If this, then, is where we mentally place Jesus, then we have confined him to a tiny, shabby place, far away in time and space. We trot his little body out once a year, at which time (in some particularly sacrilegious homes) it may spend a while on the floor, get kicked around and stepped on, and maybe lose a limb or two. Then we put it in a box until next Christmas. During that brief holiday season, we are worshipping a baby who is so small, so helpless and so far outside of us that we can be sure nothing much is going to happen to us. We can have warm feelings about him without worrying that he will invade our lives. He is safely removed, conveniently powerless and comfortably irrelevant. Now that we have him safely penned in, let's break out some more eggnog!
In contrast to welcoming him into a manger, what does our passage really ask us to do? It asks us to welcome him "into the altar to holiness, where holiness abides in perfect peace." Notice the stark contrast with the manger image. To fully appreciate this contrast, let's go down the same six-item list from above.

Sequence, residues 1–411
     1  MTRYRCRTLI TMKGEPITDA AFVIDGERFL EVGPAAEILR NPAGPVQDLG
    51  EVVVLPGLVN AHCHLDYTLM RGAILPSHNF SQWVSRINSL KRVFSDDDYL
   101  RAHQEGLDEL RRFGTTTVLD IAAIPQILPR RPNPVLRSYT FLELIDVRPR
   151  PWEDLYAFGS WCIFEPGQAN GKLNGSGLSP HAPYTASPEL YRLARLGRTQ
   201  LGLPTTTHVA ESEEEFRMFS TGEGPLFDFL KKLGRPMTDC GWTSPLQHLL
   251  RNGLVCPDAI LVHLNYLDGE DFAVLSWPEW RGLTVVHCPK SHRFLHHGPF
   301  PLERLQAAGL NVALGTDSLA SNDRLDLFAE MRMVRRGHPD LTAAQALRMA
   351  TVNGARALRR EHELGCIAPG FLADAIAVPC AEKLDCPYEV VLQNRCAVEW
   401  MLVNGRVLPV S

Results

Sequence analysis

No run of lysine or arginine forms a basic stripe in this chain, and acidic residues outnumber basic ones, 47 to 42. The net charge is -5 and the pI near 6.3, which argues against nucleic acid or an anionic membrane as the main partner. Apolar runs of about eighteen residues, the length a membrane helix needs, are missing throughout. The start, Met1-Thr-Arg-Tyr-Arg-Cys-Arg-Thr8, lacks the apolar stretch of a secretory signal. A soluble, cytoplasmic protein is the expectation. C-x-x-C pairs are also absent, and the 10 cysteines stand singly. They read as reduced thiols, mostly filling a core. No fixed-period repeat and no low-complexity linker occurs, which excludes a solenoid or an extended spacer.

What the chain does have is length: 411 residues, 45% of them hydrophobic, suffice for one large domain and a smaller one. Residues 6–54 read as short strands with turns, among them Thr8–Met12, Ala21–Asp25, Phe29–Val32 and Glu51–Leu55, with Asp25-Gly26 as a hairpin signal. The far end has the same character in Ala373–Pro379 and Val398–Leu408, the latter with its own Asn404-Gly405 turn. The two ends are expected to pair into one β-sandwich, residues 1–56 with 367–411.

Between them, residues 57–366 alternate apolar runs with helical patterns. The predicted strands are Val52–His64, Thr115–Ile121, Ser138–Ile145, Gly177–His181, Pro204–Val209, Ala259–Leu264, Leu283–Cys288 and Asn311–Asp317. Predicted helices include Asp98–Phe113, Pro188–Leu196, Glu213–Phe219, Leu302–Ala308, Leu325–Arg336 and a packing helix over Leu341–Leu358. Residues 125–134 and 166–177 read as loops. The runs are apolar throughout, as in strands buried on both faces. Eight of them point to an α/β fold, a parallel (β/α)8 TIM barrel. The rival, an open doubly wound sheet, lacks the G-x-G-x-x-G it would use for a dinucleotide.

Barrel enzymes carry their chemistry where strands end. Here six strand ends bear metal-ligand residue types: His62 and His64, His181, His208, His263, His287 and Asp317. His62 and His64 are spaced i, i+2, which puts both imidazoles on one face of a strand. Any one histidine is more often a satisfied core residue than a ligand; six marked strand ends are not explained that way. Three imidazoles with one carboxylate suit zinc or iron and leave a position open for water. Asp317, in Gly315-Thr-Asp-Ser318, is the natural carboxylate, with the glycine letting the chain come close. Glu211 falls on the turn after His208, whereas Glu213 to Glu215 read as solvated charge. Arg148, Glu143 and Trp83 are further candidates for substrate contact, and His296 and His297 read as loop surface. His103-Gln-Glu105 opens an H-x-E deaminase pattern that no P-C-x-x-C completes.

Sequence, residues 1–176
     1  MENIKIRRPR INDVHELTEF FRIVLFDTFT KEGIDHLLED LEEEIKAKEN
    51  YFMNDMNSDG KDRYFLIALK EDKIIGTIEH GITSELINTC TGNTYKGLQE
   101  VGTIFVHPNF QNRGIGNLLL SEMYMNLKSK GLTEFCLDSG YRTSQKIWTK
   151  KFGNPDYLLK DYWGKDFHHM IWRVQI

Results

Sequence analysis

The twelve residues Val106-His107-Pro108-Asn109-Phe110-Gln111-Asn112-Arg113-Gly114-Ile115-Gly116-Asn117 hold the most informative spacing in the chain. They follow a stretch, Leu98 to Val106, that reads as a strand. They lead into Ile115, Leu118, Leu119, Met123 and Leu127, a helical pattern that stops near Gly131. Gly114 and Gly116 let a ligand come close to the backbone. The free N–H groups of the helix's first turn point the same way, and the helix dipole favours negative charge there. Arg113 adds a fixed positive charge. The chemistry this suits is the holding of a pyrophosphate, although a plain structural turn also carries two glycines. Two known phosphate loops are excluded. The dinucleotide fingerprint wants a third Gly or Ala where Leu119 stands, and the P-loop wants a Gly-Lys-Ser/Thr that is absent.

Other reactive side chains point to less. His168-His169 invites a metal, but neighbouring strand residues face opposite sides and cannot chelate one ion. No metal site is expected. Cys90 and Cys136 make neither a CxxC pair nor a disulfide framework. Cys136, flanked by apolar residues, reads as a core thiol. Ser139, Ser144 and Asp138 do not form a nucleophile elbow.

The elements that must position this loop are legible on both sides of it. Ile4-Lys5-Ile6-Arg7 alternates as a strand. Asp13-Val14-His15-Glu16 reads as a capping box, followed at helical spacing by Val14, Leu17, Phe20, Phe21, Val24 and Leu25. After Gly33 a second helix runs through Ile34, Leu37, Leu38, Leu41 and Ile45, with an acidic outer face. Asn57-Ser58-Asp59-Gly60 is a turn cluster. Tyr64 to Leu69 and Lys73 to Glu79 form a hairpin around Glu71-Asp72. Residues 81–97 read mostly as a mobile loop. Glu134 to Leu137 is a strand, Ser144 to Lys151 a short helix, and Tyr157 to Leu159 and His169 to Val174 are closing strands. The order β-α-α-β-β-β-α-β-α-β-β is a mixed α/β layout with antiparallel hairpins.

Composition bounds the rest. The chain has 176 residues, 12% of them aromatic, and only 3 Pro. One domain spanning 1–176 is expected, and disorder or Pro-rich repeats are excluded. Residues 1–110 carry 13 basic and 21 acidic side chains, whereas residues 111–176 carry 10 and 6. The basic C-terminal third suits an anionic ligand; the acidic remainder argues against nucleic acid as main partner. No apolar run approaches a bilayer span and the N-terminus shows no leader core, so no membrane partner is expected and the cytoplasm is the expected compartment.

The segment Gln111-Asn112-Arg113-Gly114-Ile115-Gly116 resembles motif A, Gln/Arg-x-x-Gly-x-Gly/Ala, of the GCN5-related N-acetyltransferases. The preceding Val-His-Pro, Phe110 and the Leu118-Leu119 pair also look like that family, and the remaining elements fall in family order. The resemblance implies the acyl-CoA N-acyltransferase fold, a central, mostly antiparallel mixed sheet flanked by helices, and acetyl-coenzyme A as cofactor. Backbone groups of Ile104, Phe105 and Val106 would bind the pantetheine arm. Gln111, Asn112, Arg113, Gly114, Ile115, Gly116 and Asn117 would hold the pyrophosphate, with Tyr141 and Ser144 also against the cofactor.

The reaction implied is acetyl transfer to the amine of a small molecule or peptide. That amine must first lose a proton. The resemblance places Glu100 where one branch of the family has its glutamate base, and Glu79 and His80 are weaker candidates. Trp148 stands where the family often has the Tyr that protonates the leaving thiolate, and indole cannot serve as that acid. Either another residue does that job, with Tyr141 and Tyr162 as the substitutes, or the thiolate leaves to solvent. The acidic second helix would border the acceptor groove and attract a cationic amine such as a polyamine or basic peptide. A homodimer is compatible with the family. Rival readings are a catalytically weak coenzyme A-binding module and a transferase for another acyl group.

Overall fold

First, we are welcoming in no tiny, helpless infant, but the one who speaks in this passage: the resurrected Jesus, a timeless, spaceless spirit who is at one with God and in charge of the entire world's salvation. Unlike that tiny infant who needed protection from the elements and from the soldiers of King Herod, this spirit is at the mercy of nothing in this world. He sees right through all its illusions. He overcame the final power in this world—death—and has been working ever since to overturn the basic foundations upon which this world is built. In terms of our ego's status quo, this is no safe figure to welcome in.
Second, we are welcoming him not into a feeding trough but into the altar to holiness—quite a contrast. What is the altar to holiness? An altar is a raised structure on which are performed acts of devotion, sacrifice and worship toward a deity. In the Course, the term signifies the place in our mind that is totally devoted to God. "Altar to holiness," then, means that there is a quiet, sacred place in our mind that is dedicated purely to holiness, and where that "holiness abides" not in wishy-washy uncertainty, but "in perfect peace."
Third, therefore, we are not welcoming him into some scene in a far-off country, comfortably removed from us. We are welcoming him into a deep place inside of us, a place so deep that it lies beneath our confident facade, beneath our secret fears, beneath our ancient rage, and even beneath our belief in time and space. We are welcoming him into a heart so inward, so central, that we do not even know it is there. As Jesus says elsewhere about Christmas:
The sign of Christmas is a star, a light in darkness. See it not outside yourself, but shining in the Heaven within… (T-15.XI.2:1-2).